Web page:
Guardrail failure: Companies are losing revenue and customers due to AI bias


New survey finds that 80% of U.S. firms found problems despite having bias monitoring or algorithm tests already in place.


Image: Shutterstock/Celia Ong

Tech companies in the U.S. and the U.K. haven’t done enough to prevent bias in artificial intelligence algorithms, according to a new survey from Data Robot. These same organizations are already feeling the impact of this problem as well in the form of lost customers and lost revenue.

DataRobot surveyed more than 350 U.S. and U.K.-based technology leaders to understand how organizations are identifying and mitigating instances of AI bias. Survey respondents included CIOs, IT directors, IT managers, data scientists and development leads who use or plan to use AI. The research was conducted in collaboration with the World Economic Forum and global academic leaders.

In the survey, 36% of respondents said their organizations have suffered due to an occurrence of AI bias in one or several algorithms. Among those companies, the damage was significant: 

  • 62% lost revenue
  • 61% lost customers
  • 43% lost employees as a result of AI bias
  • 35% incurred legal fees due to a lawsuit or legal action

Respondents report that their organizations’ algorithms have inadvertently contributed to a wide range of bias against several groups of people:

  • Gender: 34%
  • Age: 32%
  • Race: 29%
  • Sexual orientation: 19%
  • Religion: 18%

In addition to measuring the state of AI bias, the survey probed attitudes about regulations. Surprisingly, 81% of respondents think government regulations would be helpful to address two particular components of this challenge: defining and preventing bias. Beyond that, 45% of tech leaders worry that those same regulations increase costs and create barriers to adoption. The survey also identified another complexity to the issue: 32% of respondents said they are concerned that a lack of regulation will hurt certain groups of people. 

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Emanuel de Bellis, a professor at the Institute of Behavioral Science and Technology, University of St. Gallen, said in a press release that the European Commisison’s proposal for AI regulation could address both of these concerns. 

“AI provides countless opportunities for businesses and offers means to battle some of the most pressing issues of our time,” de Bellis said. “At the same time, AI poses risks and legal issues including opaque decision-making (the black-box effect), discrimination (based on biased data or algorithms), privacy and liability issues.”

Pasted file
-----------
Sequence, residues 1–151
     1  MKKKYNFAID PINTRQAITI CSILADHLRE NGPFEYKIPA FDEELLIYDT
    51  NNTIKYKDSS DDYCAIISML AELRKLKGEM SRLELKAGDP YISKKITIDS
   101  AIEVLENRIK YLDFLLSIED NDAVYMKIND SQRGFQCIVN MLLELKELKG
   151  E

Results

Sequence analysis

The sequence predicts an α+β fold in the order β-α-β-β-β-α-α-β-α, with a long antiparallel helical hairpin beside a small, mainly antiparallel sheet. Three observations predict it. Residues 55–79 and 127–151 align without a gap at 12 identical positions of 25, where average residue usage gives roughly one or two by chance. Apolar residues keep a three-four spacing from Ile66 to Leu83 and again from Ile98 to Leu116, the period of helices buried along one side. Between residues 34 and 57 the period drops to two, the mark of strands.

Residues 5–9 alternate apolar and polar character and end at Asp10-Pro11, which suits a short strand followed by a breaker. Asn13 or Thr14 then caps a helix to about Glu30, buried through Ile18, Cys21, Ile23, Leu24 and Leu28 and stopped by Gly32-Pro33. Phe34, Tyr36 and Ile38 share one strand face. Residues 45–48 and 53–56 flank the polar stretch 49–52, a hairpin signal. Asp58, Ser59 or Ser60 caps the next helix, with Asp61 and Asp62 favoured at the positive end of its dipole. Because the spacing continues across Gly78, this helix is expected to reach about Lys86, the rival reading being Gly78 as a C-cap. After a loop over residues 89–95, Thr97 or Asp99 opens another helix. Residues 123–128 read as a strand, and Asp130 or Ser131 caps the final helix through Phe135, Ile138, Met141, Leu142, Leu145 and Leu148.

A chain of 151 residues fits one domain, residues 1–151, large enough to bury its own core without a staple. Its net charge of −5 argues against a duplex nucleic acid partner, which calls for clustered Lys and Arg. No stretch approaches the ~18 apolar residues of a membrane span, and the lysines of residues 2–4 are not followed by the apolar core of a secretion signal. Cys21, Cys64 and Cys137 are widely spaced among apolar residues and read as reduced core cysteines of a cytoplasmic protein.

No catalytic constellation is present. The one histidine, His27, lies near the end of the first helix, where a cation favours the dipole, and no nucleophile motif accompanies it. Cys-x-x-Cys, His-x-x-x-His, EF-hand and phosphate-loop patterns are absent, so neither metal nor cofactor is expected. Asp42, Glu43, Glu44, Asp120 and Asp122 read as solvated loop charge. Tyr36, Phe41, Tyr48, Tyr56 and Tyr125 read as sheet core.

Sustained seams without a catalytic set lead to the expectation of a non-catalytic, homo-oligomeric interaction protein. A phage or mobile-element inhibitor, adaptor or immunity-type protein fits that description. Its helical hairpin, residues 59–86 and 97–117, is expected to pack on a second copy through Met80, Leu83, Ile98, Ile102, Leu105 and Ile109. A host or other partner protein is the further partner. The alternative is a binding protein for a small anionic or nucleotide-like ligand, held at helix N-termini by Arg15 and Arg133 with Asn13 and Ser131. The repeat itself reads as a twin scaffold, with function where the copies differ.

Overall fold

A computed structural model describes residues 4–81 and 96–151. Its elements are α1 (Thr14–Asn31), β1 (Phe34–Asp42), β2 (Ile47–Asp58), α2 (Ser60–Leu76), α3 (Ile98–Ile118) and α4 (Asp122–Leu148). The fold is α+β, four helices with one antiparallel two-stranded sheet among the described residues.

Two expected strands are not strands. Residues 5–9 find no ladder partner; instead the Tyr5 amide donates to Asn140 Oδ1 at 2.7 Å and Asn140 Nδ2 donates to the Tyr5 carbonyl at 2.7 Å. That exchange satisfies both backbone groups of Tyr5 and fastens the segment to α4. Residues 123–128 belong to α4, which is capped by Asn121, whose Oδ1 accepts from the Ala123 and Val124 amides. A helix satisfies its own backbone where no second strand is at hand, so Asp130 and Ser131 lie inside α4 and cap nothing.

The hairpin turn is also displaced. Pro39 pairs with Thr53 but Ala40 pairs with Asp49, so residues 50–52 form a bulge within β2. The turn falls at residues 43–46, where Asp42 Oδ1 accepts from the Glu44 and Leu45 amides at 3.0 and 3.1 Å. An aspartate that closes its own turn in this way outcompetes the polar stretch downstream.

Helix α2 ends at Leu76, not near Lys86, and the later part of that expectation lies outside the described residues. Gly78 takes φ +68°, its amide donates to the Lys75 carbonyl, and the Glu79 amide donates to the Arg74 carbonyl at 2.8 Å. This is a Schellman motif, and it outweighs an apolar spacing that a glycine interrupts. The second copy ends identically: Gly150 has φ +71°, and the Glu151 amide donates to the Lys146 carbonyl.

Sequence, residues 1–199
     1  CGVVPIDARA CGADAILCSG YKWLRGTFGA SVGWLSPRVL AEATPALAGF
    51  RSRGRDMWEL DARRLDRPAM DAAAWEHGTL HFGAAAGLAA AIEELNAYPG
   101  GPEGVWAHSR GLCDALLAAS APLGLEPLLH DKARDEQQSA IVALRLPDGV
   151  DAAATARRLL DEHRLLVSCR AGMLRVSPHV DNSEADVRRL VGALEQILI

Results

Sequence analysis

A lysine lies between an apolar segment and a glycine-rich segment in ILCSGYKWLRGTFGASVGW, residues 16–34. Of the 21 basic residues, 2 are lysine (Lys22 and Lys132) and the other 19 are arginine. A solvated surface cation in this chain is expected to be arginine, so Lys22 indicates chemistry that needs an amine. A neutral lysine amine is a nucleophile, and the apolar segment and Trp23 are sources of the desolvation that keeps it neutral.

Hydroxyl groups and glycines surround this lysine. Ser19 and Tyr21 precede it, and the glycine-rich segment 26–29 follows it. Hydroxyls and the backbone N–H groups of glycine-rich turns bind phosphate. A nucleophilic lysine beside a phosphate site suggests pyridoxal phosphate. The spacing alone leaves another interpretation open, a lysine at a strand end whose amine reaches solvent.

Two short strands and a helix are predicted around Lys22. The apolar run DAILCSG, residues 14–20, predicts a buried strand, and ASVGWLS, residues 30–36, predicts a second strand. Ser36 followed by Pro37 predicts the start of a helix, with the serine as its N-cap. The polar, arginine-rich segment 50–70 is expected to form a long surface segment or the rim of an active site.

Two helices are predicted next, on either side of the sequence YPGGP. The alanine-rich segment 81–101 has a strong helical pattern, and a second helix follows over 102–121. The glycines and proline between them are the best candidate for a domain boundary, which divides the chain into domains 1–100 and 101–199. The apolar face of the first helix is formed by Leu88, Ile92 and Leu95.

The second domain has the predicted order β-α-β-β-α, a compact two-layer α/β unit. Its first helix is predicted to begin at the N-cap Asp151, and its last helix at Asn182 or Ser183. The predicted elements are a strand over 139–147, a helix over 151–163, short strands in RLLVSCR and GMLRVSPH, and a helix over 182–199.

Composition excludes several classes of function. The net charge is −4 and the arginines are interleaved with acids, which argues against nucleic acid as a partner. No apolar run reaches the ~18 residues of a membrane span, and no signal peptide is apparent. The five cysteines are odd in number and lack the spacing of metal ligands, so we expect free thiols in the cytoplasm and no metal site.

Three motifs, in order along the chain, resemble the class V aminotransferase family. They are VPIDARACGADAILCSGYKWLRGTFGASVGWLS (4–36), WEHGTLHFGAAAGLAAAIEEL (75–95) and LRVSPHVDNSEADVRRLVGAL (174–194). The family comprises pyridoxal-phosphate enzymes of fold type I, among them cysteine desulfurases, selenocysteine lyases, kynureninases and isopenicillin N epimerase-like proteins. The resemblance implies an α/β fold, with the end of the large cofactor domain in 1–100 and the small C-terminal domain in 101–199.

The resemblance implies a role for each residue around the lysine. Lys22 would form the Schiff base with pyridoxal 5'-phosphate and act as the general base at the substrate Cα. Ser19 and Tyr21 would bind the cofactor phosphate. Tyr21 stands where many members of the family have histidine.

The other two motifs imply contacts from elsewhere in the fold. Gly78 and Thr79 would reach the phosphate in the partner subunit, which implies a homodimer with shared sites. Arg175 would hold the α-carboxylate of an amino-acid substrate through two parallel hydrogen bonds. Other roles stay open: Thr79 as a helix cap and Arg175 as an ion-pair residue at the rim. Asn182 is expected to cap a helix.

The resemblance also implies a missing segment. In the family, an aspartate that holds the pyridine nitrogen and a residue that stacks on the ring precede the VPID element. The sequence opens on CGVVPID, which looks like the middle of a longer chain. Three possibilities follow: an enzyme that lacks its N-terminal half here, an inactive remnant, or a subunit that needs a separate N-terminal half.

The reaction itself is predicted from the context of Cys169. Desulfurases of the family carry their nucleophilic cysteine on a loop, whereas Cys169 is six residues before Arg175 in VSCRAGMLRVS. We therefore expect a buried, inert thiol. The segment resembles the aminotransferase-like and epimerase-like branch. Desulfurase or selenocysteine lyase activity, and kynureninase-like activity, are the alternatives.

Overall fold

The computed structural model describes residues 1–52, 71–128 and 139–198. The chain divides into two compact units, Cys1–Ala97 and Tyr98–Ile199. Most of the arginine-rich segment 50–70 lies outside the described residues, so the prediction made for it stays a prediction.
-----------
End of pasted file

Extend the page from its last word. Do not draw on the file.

AI bias tests are failing

Companies are aware of the risk of bias in algorithms and have attempted to put some protections in place. Seventy-seven percent of respondents said they had an AI bias or algorithm test in place before determining that bias was happening anyway. More organizations in the U.S. (80%) had AI bias monitoring or algorithm tests in place prior to bias discovery than organizations in the U.K. (63%). 

At the same time, U.S. tech leaders are more confident in their ability to detect bias with 75% of American respondents saying they could spot bias, as compared with 56% of U.K. respondents saying the same. 

Here are the steps companies are taking now to detect bias:

  • Checking data quality: 69%
  • Training employees on what AI bias is and how to prevent it: 51%
  • Hiring an AI bias or ethics expert: 51% 
  • Measuring AI decision-making factors: 50% 
  • Monitoring when the data changes over time: 47% 
  • Deploying algorithms that detect and mitigate hidden biases in training data: 45% 
  • Introducing explainable AI tools: 35%
  • Not taking any steps: 1%

Eighty-four percent of respondents saidtheir organizations are planning to invest more in AI bias prevention initiatives in the next 12 months. According to the survey, these actions will include spending more money to support model governance, hiring more people to manage AI trust, creating more sophisticated AI systems and producing more explainable AI systems.

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